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Taking a "Toxic tour"

By Ava Salitsky

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Along the shore of the Indian Ocean south of Durban, there are miles of undeveloped sandy beach and steep, scrub-covered ridges, topped by brightly painted vacation houses. In the valley below, however, thousands of people are at risk of environmental poisoning.

Less than a mile from the beach are two huge oil refineries, the largest paper mill in South Africa and acres of oil and chemical storage tanks. These industries fill the air with acrid smoke that endangers all who live there.

A group of Simmons students took a "toxic tour" of Durban led by Bongani Mthembu, an air pollution inspector from the South Durban Community Environmental Alliance (SDCEA), and discovered the health concerns for the mostly poor Indian and "colored" residents of South Durban and the environment in which they live. The SDCEA works to educated them about the dangers and to advocate for change.

Most of the housing problems are from the apartheid era, during which where people lived was determined entirely by race. Apartheid had laws to separate them so there would be no mixing of races. This forced people of color--divided into three categories: Indian, colored {mixed race) and back--to live in the poorest rural areas and the worst urban neighborhoods, while whites got the best, cleanest places.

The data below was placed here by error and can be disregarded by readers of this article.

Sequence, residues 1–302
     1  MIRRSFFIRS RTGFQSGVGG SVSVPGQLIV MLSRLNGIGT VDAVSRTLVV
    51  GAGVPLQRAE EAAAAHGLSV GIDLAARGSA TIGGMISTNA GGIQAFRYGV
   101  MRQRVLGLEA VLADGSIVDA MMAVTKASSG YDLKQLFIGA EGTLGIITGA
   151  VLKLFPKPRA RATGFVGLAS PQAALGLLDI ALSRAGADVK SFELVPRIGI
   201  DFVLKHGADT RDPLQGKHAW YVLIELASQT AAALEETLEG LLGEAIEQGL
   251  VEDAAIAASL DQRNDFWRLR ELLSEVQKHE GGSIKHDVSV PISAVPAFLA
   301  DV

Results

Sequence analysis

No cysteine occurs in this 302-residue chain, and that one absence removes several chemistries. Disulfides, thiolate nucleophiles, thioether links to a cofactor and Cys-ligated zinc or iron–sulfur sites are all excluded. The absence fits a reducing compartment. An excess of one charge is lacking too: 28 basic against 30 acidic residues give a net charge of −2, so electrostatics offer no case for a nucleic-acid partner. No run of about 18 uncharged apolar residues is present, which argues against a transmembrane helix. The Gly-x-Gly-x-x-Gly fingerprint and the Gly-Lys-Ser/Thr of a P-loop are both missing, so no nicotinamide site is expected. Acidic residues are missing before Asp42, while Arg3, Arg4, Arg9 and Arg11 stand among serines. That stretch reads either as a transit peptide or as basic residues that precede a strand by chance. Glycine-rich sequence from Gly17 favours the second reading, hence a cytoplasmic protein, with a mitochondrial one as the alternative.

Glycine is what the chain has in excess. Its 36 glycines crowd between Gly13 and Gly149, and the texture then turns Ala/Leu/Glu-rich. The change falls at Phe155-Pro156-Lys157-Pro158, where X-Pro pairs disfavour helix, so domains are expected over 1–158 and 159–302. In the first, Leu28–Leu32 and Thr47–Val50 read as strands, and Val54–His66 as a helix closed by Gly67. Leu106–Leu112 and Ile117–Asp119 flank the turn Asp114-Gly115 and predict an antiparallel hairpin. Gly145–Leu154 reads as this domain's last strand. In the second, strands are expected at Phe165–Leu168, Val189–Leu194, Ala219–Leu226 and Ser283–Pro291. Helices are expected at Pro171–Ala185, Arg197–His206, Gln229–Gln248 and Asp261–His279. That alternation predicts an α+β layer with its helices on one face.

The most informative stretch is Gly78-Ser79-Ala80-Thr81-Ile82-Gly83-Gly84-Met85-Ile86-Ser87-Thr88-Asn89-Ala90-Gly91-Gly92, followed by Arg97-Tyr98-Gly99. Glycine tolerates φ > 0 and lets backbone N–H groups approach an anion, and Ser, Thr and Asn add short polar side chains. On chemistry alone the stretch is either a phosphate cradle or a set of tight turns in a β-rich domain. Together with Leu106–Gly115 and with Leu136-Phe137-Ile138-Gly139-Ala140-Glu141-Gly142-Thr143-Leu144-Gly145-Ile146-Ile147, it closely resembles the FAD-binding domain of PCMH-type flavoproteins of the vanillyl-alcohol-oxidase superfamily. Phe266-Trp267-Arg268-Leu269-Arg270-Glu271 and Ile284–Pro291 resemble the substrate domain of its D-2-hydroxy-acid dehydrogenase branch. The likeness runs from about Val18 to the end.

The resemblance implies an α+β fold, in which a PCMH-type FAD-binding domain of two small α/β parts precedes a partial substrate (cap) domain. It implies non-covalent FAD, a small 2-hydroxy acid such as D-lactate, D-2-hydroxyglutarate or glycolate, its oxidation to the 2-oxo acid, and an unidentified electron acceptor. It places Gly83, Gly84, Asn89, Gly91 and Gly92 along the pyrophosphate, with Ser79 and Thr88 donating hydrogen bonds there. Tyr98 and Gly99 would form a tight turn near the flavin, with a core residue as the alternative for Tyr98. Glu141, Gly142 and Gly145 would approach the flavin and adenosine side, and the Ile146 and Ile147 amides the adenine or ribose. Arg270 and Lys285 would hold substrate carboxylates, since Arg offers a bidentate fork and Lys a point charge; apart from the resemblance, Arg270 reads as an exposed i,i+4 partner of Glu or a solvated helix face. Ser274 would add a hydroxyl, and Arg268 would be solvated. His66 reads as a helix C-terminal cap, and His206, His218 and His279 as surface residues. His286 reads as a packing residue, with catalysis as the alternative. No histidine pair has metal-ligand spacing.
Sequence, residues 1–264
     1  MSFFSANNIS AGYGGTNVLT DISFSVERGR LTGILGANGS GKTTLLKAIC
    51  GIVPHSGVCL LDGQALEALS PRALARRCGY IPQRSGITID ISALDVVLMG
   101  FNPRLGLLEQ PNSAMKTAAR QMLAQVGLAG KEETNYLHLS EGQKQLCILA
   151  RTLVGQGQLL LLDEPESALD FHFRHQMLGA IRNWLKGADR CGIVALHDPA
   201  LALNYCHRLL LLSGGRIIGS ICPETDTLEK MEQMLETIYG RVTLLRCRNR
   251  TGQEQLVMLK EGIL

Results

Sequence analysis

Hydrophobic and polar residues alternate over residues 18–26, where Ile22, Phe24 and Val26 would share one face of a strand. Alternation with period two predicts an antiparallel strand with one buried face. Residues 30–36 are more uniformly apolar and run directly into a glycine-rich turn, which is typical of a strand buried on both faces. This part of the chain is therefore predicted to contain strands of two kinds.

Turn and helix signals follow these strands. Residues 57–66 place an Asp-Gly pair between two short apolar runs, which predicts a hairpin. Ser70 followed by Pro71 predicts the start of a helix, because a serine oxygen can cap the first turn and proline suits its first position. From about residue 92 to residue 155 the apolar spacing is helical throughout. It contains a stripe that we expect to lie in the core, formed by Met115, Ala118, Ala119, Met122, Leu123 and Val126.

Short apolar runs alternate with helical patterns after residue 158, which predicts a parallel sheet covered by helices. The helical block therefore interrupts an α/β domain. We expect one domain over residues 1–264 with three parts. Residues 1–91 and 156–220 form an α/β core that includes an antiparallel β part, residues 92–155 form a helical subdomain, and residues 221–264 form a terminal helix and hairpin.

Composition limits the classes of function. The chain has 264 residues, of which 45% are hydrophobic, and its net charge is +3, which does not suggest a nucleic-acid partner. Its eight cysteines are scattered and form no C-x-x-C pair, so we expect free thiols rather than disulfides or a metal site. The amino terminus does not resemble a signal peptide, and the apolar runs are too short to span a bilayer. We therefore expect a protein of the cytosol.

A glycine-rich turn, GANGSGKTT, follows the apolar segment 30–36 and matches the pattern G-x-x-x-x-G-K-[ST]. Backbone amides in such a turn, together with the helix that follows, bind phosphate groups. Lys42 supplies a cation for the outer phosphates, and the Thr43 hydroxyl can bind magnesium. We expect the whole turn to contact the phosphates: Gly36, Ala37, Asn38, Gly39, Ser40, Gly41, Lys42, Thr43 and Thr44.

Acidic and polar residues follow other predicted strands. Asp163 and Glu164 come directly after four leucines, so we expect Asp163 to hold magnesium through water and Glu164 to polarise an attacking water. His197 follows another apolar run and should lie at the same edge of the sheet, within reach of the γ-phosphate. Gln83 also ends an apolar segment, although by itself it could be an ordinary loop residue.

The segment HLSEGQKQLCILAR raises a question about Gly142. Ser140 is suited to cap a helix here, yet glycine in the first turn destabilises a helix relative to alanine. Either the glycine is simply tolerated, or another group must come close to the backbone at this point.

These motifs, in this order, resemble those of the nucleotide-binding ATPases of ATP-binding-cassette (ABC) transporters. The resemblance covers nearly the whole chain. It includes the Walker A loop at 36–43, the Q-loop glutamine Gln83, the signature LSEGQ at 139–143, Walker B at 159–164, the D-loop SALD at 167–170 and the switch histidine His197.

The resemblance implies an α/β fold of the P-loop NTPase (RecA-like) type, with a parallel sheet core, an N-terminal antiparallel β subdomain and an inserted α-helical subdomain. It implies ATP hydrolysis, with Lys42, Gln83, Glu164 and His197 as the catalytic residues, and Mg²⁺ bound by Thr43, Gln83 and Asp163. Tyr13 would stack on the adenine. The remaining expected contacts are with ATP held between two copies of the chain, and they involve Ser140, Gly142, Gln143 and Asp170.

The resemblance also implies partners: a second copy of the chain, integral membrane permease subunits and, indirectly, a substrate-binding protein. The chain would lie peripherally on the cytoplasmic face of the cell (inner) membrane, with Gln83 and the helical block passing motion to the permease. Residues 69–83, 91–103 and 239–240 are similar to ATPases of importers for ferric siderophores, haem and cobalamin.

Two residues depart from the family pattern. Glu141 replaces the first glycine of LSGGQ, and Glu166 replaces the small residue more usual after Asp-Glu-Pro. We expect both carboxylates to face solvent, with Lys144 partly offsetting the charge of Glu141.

Today, about 52 percent of the community suffers from asthma, cancer, and leukemia because of these huge industries. Without a local treatment center for these conditions, many people remain untreated, dying from improper conditions and lack of medication.

On the tour we visited the Settlers School, a small elementary school that a small airplane had crashed into and that has been suffering the direct effects of extreme air pollution. The children are extremely sick when in school but once at home they feel better, says Nthembu.

Children often die in this area because the only hospital for leukemia is in Cape Town and many families cannot afford to move out of the area to get away from the pollution or to be nearer to health facilities.

Not only are the people here being hurt because of where they live; many who work in the large oil refineries are killed by harmful chemicals, while families are unaware of the reason, says Nthembu.

"People of the world need to come together, across every race, class, and gender to stop environmental pollution," he concludes.


Posted by South Africa Group on June 1, 2011 5:27 PM
Category: South Africa